Cloud software has changed the way we implement HR technology. HR is no longer a passenger along for the ride.


Every HR team has been there – a problem exists that technology should be able to solve, it doesn’t look very complicated, let’s just go out and buy the solution. Actually every consumer has been there too, most of us own some technology that looked simple enough but ended up being harder than we expected. Dads love gadgets, like the universal TV remote gifted to us on Father’s Day, often found hiding in a box in the garage after giving up trying to make it drive all of our devices in our living room. How about the trusty old Navman navigation unit, which we proclaimed is no longer needed in favour of our smartphone? – Yet only 41%* of us use maps on our smartphones. We find ourselves in a world where technology is cheap and our options are limitless – so we buy, try, and then move on.

What about technology in the workplace – do we experience the Navman effect?
Technology implementation has typically been a slow moving beast, for example how many people are still using Windows XP in the workplace (released in 2001), or Windows 7 (released in 2009 – 6 years old already)?  This is for good reason, upgrading an operating system has risk written all over it. Usually it would take years to select, plan, implement and embed technology, often resulting in needs changing before the solution arrives. Cloud Software as a Service (SaaS) HR solutions have flipped this on its head. If you do a quick Google search for “task management tools”, you get a list of cloud tools that are ready to go, such as Trello which you can grab a free 30 day trial of and you’re up and running managing your kanban task list in minutes without any software install. We have moved to a world of DIY configuration where it’s all about a quick setup to get up and running, and regular releases of new features.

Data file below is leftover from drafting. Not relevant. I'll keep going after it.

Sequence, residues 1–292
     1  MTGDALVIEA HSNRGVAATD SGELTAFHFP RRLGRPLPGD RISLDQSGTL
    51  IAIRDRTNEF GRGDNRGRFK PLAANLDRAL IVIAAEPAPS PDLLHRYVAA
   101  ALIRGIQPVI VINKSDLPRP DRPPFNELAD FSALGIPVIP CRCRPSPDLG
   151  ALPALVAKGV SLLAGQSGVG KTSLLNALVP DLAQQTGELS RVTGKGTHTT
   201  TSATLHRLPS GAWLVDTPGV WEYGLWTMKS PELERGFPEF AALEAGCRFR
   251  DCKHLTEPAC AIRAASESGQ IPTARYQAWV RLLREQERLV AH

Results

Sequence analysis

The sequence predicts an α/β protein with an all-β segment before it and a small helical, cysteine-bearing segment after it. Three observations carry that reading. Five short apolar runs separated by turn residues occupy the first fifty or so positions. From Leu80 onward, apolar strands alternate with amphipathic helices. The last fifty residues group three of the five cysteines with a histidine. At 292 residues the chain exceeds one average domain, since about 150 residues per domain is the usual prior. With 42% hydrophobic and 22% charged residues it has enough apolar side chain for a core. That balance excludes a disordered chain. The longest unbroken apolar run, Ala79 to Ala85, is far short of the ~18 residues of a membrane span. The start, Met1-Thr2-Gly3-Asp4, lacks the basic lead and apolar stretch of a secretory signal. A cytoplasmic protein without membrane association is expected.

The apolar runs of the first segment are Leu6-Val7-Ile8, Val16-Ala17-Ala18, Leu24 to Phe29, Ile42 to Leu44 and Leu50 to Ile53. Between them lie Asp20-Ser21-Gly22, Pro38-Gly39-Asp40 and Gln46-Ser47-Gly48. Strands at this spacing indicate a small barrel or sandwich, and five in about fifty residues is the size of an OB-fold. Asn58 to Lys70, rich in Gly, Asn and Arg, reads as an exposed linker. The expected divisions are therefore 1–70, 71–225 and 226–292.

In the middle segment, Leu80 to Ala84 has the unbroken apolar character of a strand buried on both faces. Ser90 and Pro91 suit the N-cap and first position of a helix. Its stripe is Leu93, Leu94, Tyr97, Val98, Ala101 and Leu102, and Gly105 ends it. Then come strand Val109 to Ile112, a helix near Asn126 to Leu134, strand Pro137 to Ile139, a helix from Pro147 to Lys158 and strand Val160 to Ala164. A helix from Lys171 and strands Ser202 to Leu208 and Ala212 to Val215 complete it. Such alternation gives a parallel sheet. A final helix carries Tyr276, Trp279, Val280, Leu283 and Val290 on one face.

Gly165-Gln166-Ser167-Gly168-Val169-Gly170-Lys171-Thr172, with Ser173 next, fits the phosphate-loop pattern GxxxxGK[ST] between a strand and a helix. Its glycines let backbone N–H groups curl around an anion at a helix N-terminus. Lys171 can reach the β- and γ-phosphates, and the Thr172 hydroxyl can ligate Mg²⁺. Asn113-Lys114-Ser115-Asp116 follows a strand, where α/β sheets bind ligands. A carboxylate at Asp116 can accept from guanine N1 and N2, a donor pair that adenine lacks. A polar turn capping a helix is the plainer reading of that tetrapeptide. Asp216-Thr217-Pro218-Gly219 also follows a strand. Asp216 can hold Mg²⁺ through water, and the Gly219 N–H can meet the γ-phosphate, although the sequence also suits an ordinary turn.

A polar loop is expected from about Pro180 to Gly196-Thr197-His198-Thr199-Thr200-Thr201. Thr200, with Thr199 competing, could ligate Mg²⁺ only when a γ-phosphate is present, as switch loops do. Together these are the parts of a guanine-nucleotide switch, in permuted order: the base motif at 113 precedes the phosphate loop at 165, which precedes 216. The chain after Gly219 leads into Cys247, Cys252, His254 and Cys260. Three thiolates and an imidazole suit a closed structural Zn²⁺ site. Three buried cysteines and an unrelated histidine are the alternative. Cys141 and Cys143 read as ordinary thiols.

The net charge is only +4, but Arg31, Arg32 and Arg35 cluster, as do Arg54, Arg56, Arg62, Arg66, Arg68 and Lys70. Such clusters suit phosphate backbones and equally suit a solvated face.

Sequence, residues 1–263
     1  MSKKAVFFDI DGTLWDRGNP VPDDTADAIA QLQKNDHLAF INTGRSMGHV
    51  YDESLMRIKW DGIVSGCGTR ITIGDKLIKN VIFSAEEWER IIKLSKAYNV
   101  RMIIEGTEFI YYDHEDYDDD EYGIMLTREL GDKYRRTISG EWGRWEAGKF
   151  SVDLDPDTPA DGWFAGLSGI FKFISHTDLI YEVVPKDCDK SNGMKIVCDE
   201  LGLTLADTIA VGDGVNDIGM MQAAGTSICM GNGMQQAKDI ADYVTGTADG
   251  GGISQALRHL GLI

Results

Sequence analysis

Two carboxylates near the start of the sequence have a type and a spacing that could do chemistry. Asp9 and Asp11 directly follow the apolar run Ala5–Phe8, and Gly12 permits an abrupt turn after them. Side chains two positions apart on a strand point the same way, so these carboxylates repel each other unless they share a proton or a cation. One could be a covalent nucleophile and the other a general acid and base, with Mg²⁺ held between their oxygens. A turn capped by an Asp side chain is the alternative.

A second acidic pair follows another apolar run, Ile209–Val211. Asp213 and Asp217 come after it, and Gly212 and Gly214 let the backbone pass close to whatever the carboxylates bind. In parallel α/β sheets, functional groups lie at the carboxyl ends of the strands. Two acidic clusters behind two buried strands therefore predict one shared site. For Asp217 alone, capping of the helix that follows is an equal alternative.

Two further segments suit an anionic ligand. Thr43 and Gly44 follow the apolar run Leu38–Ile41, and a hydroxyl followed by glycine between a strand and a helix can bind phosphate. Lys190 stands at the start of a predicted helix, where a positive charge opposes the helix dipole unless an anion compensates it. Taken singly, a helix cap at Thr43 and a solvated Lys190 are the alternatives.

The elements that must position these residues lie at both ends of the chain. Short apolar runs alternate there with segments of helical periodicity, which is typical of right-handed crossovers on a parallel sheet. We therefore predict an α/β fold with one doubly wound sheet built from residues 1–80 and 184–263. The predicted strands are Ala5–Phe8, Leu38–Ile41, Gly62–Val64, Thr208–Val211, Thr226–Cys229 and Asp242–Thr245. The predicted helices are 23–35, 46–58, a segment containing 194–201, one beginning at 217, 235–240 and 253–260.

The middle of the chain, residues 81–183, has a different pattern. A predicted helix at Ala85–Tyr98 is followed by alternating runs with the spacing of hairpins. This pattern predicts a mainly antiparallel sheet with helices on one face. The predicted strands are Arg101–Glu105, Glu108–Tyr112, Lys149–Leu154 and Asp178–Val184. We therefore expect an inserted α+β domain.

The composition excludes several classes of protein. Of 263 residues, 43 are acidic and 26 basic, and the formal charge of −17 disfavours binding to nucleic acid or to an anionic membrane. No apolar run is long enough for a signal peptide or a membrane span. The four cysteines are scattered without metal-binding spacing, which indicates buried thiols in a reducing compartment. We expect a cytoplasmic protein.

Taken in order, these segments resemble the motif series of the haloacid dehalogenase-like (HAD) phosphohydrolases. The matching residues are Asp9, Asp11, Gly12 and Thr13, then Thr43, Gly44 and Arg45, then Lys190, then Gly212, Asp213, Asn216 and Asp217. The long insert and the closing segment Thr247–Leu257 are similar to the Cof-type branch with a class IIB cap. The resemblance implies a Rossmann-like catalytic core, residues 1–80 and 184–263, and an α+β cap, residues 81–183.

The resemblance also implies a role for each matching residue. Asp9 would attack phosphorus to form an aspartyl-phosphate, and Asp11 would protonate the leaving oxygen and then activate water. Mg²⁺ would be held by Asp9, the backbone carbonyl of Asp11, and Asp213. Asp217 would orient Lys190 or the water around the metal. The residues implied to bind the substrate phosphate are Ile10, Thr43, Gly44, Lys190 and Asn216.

Technology has traditionally been the domain of IT teams. But this is changing.
Availability of cloud HR solutions have suddenly shifted the focus from technical to functional – from IT to HR. HR have shifted from changing the technology to changing the business – configure instead of customise. Cloud HR projects are more about configuring your business processes and standard integrations, and are less about infrastructure, writing code, and large amounts of testing.
          ‘HR now plays a larger role in technology projects, it’s becoming common place to see HR managers in the driver’s seat.’

Was HR prepared for this shift?
Not at all. From years of drawn out IT programs, we’ve become conditioned to “technology takes time”, and “there’s lots of stakeholders on this project, everything can’t be delivered at once”. Now that there is greater choice and flexibility in the market for HR solutions, HR teams are on the war path to establish a measureable business need to buy and implement cloud HR tools themselves, and IT have become the technical stream on a project. The old rules are out the window, the new rules speak to rapid implementation with constant iterations coming every few months. HR have realised that they need to fight for budgets from CFOs, run their own selection programs, choose how and when to implement, and lead the project too. Then there’s life after implementation, the role of HR is changing too now that HR technology is becoming so widely available to organisations of all sizes.